"Less than 10 minutes into the meeting I said 'guys, I wish you well but I think you're a little bit out of your league on this,'" Duda said. "They [also] had a concept plan and put it in front of me and the interstate was going east to west. It immediately did not pass the smell test."

Following the peculiar meeting, Duda said he immediately began researching the names of those who had just pitched him Festival Tennessee. Duda said that things popped up that suggested "they really had some other problems."

It was at this point that Duda said he began warning other members of the Board of Mayor and Aldermen that the project had some obvious red flags. Duda was not the only person to recognize this, with news outlets from the Nashville Business Journal to The New York Times uncovering a number of red flags about Peterson, the man behind the project.

As reported in The New York Times, Peterson had allegedly procured a $450,000 loan using a deed sent to him mistakenly by a title insurance company in 2007. Businesses owned by Peterson had also faced a number of liens, bankruptcies and eviction notices over the years, further throwing doubt onto his ambitious $750 million project.

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Dennis Peterson speaks at the now-infamous March 2, 2011 press conference.

But despite the red flags, Duda said that Dinwiddie maintained that Peterson was acting in good faith, and as an added measure of trust for the project, Dinwiddie approved multiple special-called meetings to help Peterson and his team expedite the project.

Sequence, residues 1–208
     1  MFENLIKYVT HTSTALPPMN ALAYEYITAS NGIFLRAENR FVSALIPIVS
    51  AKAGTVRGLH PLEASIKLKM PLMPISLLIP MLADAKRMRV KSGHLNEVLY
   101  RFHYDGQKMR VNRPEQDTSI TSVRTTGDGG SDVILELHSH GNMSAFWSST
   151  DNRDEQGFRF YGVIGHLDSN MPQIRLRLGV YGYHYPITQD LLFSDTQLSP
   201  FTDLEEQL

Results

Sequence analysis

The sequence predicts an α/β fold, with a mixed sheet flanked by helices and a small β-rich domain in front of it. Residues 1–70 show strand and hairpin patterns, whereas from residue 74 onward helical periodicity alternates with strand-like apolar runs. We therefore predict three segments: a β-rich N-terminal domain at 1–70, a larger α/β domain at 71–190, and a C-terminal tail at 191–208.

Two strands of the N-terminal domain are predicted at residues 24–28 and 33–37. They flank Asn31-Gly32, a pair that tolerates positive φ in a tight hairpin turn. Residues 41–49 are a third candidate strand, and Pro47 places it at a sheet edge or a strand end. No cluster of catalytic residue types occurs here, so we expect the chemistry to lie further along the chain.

"They were saying that they were going to be open within [19] months, that was [why] they said they needed the city to approve everything very quickly so that they could be open by Thanksgiving," Duda said. "They had asked the city to condense about three months of open meetings into a process of about three to four weeks."

As part of the expedited process, Dinwiddie had called on the city's Planning Commission to quickly approve the developer's request to rezone the site to B-4 zoning, which would essentially grant the developer extreme flexibility.

It would be around two weeks after the initial March 2 announcement that tempers would come to a head.

"At a Planning Commission meeting on March 14, 2011 where the commission voted on this slate of zoning recommendations, the chairman at the time — Michael Glass — made a public statement," Duda said.

"Essentially [he] said the city is bending its own rules and this is not how the public expects the city to operate. He made some very public strong statements against it. The next day the mayor removed him from the Planning Commission."

Despite the passionate disagreements, the developer's request to have the site rezoned passed for a recommendation with a vote of 3-2, with Duda and Glass voting against the rezoning.

"The whole premise was off, it was not right"

Spring Hill Mayor Rick Graham, who in 2011 was a sitting alderman, said he also shared in Duda's skepticism regarding Festival Tennessee.